Confronted with a resolution that they opposed, Wright, Hartnett, and the “smartest person at the table” decided to abort the democratic process, and to do it dishonestly. They decided, without getting a single citizen’s signature, to put their own petition to the voters, with diametrically opposed effect. They made the city attorney wobbly. The process could hardly have been more corrupt in its intent. None of the three councilors responded to an email inquiry asking, “What are you thinking?”

The SOS petition endorsed by almost 3000 voters is simple and direct:

“Shall we, the voters of the City of Burlington, as part of our strong support for the men and women of the Vermont National guard, and especially their mission to ‘protect the citizens of Vermont,’ advise the City Council to:

1) request the cancellation of the planned basing of the F-35 at Burlington International Airport, and

2) request instead low-noise-level equipment with a proven high safety record appropriate for a densely populated area?”

The SOS website offers 20 support notes and eight citations supporting the rationale of the petition. The Vermont National Guard mission – “protect the citizens of Vermont” – comes from the Guard’s website. SOS argues that “citizens of Vermont” includes the people, mostly poor and/or immigrant, whose houses are being destroyed and lives disrupted for the convenience of a warplane with no relevant mission in the region.

Knodell, Wright, and Hartnett started their hatchet job by chopping out the clause about the Guard’s mission protecting Vermonters. They didn’t say why, just let the collateral damage lie there. They lied by adding a clause at the end, “recognizing there may not be alternate equivalent equipment,” a lie of intent saved from being bold-faced by the inclusion of “may.” This is the Pentagon’s position, that there is no Plan B, but that’s absolutely dishonest. The only reason there’s no Plan B is because the Pentagon has stalled on the issue for years. They could make a Plan B tomorrow if they so chose. The Knodell amendment looks like a deliberate poison pill added in perfect bad faith. That impression is reinforced when you get to the preambulatory “whereas-es” the Knodell team put before the resolution to weaken it further, but enough already.

The Knodell team didn’t just run afoul of honest behavior and reasonable democratic practice. Their plan to put their own resolution in place of a properly prepared one looked to be illegal as well as unconstitutional.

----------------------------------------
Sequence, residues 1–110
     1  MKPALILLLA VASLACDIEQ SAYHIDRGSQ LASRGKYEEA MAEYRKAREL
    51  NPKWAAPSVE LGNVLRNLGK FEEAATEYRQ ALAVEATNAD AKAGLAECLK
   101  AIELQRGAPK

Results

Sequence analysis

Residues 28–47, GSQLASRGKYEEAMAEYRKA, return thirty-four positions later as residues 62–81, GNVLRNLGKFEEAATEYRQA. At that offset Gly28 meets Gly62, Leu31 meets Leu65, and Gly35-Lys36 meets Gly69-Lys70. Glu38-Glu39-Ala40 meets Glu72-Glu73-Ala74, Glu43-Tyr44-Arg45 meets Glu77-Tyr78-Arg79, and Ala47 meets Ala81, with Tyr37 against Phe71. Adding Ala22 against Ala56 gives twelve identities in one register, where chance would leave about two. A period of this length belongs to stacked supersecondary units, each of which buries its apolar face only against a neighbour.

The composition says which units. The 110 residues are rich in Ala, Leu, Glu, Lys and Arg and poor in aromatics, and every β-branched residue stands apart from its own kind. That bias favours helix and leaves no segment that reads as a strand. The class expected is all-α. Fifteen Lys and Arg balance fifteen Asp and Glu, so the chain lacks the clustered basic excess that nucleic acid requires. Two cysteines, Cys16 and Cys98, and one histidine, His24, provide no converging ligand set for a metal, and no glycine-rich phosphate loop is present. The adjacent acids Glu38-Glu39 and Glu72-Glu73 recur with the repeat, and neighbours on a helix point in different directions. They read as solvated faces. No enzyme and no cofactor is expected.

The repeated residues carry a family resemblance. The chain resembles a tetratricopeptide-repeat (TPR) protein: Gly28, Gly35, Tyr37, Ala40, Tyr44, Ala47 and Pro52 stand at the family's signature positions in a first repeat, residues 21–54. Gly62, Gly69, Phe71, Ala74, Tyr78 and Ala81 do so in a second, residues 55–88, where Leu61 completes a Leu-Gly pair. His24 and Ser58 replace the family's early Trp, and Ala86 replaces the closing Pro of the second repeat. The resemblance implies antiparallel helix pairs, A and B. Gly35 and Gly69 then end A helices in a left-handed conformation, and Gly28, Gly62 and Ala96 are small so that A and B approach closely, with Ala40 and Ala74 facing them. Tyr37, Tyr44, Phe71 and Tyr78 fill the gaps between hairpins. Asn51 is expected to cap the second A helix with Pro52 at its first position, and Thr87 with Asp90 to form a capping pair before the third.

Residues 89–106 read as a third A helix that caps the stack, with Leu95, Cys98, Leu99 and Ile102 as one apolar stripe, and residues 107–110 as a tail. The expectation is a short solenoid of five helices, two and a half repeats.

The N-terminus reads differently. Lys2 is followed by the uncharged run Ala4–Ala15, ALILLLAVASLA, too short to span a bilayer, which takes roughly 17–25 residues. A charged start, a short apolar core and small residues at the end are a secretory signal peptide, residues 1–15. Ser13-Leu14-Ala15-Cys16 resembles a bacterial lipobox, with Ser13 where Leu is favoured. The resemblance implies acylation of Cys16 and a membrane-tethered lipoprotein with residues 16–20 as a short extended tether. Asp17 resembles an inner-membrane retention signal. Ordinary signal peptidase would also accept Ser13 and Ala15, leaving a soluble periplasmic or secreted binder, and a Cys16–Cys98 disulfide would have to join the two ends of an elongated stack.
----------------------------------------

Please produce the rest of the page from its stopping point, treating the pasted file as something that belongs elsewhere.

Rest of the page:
This set up a confrontation for the city council meeting of January 29, at which F-35 opponents were prepared to object to Knodell chicanery loudly and strongly. The outcome was an anticlimax. The council voted 10-2 (Knodell for it) to accept the SOS resolution as presented. Only Wright and Hartnett dissented. Media coverage of the triumph of reasonable due process varied from straightforward to vaguely mocking to somewhat peevish to rather trivializing. None of the coverage talked about the attempted corruption procedure leading up to the vote, much less the corrupt cultural morass that the F-35 successfully masks with its stealth capability. As currently assessed by the Pentagon, the F-35 can’t shoot straight and has more than 200 other deficiencies, but Australia is going ahead buying 100 of them. An Australian military strategic thinker observed dryly: “It’s disappointing that there’s still deficiencies turning up fairly regularly in an aircraft that we’re already going to get about ten years later than we originally thought.”

The March 6 vote on the resolution is only advisory, so even if there is overwhelming support for an alternative to the F-35, what are the odds of such a democratic choice prevailing? This is the Trump era. He’s asking for the next budget to have $716 billion in military spending, and Vermont seems to think getting some of that money is more important than anything else.

Original at REader Supported News: